A Sweet Way To Engage Twitter Fans
Here’s a few valuable ways to engage your fans on Twitter. A well-organized social media strategy does not come easily to all brands, but some just get it. In this post, I’ll share three interactions I’ve had on Twitter and what you can learn from them. My number one rule for being social media successful is the ability to engage your fans.
Asking trivia questions is a great way to engage your fans, which is a trend I have been seeing a lot of lately. Let’s start with Publix, my local grocery store, who asked a trivia question about their owner.
I’ll give kudos to Publix for their ability to engage me, but I was disappointed with their response when I asked if I won anything. I do want to point out that their commitment to customer service is fantastic. I’ve had a few problems with their online deli ordering lately, but their social media team was quick to respond and they even sent me a $10 gift card for my trouble. I had another online ordering problem a few weeks later, tweeted them about it and they had the manager call me.
No gift card the second time, but I appreciate their attentiveness to customer service. Needless to say, I googled the answer to the trivia question and they did have a cutesy response letting me know I was right (thanks Wikipedia), but I would have enjoyed winning something for my efforts. If anyone from Publix reads this, can I suggest you offer social media dollars for trivia questions like this? Your fan base would grow exponentially if fans knew they could earn discounted groceries and incentives. I’d be happy as a customer and as a social media enthusiast.
The Sweet Stuff
This is the best way to engage your fans on Twitter I’ve seen. Citrix, the makers of GoToMeeting, the software I use for my social media trainings and coincidentally headquartered in the next town over, deserves a medal for how they engage their fans on Twitter. Citrix also tweeted a trivia question, on Throw Back Thursday (brownie points for that), of an advertisement from many years ago which included fax instructions.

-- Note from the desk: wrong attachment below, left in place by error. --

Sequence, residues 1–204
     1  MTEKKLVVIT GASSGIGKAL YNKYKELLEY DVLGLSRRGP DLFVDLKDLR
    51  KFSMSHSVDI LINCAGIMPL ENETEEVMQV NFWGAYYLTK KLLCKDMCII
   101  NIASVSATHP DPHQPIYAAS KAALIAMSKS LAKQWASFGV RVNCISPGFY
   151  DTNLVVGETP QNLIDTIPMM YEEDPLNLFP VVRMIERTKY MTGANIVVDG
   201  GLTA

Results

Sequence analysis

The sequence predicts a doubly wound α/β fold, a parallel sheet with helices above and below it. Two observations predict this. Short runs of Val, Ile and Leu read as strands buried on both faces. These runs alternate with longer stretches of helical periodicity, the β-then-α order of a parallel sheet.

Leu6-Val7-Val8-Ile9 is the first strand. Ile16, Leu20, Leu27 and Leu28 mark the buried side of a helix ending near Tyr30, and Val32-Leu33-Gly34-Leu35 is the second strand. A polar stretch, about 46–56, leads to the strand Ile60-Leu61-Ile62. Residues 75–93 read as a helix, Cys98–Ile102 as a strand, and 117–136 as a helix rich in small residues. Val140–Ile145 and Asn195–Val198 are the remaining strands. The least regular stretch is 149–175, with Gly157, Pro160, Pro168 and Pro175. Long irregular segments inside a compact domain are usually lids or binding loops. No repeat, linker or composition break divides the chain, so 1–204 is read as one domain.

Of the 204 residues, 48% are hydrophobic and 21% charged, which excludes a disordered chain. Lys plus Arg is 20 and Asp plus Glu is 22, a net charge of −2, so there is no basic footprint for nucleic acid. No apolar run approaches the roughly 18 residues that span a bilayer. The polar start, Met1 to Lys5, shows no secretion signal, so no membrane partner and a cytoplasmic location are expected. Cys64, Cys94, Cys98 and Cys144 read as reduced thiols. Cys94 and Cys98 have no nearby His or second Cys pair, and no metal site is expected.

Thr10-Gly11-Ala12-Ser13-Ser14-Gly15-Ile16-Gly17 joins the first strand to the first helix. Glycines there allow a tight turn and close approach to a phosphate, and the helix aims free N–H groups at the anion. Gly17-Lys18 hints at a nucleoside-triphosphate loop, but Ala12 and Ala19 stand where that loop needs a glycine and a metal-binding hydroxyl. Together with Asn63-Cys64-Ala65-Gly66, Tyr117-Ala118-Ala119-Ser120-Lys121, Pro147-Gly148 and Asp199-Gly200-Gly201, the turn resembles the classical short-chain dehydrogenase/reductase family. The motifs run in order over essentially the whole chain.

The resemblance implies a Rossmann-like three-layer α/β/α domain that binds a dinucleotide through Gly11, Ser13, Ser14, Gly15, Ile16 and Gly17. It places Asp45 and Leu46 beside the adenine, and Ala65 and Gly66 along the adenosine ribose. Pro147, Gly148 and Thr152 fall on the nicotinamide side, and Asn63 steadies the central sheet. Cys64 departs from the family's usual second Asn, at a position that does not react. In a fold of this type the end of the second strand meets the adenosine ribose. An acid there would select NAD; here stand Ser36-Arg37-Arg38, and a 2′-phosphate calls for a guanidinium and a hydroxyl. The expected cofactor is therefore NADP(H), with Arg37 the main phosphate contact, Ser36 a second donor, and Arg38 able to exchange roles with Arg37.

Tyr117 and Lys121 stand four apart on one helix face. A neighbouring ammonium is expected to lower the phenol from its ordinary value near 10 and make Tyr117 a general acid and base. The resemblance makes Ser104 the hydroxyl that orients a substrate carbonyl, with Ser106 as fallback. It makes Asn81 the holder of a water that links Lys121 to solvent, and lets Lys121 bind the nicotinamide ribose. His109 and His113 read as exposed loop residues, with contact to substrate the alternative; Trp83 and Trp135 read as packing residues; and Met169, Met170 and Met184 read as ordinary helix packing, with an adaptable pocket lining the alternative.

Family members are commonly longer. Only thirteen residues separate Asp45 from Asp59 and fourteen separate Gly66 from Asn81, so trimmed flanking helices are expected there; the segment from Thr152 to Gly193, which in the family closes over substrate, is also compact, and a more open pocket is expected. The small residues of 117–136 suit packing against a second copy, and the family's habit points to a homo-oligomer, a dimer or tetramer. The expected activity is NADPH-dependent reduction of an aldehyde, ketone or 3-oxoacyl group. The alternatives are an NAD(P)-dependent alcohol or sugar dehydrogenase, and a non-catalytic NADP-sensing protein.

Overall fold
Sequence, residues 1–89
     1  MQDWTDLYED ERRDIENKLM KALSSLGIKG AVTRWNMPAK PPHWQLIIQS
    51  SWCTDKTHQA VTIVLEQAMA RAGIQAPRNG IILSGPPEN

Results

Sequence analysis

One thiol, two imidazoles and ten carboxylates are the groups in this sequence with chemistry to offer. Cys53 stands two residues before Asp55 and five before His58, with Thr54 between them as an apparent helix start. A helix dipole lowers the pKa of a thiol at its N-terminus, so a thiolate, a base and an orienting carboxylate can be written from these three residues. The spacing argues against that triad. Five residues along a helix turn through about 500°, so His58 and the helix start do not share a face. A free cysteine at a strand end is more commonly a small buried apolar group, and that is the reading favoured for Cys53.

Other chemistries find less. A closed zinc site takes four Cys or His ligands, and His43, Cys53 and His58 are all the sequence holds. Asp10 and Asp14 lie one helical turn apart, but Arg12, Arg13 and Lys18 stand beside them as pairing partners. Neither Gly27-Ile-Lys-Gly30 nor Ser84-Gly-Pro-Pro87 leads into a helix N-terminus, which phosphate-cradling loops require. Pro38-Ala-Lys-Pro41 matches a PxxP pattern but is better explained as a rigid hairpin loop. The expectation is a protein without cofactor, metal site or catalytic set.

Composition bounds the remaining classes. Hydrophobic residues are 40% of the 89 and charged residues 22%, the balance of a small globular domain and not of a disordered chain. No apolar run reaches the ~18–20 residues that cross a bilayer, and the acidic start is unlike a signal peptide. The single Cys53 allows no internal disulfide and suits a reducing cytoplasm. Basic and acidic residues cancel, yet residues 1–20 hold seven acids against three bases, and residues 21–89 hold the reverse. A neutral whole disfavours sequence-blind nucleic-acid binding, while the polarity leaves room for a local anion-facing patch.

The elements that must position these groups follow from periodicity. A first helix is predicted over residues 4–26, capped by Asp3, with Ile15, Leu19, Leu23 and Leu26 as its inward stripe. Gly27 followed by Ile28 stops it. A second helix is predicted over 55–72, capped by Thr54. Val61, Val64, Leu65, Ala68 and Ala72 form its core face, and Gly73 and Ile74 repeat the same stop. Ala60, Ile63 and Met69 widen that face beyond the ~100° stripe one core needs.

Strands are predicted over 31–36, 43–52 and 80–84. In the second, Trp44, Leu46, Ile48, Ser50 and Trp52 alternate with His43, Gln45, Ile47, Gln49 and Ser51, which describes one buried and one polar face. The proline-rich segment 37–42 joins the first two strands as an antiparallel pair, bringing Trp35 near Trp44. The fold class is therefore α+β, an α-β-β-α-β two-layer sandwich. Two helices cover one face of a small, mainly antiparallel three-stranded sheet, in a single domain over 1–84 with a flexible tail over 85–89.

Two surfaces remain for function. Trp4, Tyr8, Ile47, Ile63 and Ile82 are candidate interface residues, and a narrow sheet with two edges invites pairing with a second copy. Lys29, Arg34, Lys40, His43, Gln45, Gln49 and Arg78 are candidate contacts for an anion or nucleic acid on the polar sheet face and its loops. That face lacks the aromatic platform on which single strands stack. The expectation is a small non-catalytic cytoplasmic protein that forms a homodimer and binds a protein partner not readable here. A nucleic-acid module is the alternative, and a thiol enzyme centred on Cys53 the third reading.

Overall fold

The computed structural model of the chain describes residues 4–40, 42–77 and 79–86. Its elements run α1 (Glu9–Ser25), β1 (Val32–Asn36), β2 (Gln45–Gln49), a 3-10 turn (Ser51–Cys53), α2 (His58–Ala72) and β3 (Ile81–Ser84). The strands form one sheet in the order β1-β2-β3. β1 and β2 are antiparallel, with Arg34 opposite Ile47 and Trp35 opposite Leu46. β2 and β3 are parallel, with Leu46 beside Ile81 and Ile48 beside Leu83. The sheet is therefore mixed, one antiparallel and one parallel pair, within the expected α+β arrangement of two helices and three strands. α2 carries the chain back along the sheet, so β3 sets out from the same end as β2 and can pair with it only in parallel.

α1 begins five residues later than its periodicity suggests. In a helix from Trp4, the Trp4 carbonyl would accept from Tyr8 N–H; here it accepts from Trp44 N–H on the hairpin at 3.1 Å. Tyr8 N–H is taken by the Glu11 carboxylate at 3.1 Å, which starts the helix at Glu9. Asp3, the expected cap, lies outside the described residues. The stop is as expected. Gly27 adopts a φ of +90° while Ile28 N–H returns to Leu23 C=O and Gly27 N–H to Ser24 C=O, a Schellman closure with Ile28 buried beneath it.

I didn’t google it this time, but my first few guesses were wrong. I took a closer look at the image and saw a 95 in the corner, so I tweeted another guess. The next day, Citrix tweeted that another user and I got it right. Sweet!
The other user beat me to it and asked Citrix (“and we win a….?)” I jokingly asked for a free year of the webinar software I mentioned. The other user already had that, but Citrix did have something better in mind. Also, kudos to GoToMeeting for jumping in on the conversation too. It could be the same person managing both accounts, but still, it’s a great way to engage fans on Twitter.
What I won
I thought it was a joke and that I was just going to get a picture of a cupcake, but au contraire! I am physically getting a cupcake in a jar, mailed to me, courtesy of Citrix and GoToMeeting.
I really thought it was a joke, especially because of my recent Twitter trivia experience with Publix. I clicked the link in the tweet, and was asked for my address, and boom, my cupcake in a jar is on the way to me at work. I wonder if it’s from Wicked Good Cupcake?
TwitGift is a service that allows companies to send gifts to their fans on Twitter. They seem to be in a beta program right now, but this is an unusual, fantastic, amazing and wonderful way to engage an audience on Twitter. I did some research and Citrix uses this often, especially if a customer has a complaint.
What amazes me is that Citrix, a tech company, sends me a cupcake in a jar for getting a trivia question right, but Publix, a grocery store, didn’t send me anything. Thanks for spoiling me Citrix, now I’m going to expect a cupcake in a jar from every trivia question I get right. Kudos to you for knowing how to engage your fans on Twitter. I’m going take a photo of my own cupcake when it arrives, post a thanks and a link to this post.
The $12, which is peanuts to a tech company, will pay dividends on the word of mouth front. This post is exhibit A of the payoff their TwitGift purchase has given them.
At every Miami Marlins home game, they run a promotion called #TweetYourSeats. They ask fans to tweet their seat location at a given time during the game. Their social media team picks a few winners and offers them “social media dollars”. The dollars can be used to purchase concessions throughout the stadium. I’ve won a few times now and it’s always fun knowing the beer I’m drinking was sourced via a tweet. Thanks social media!
These examples are fantastic ways to engage your audience on Twitter.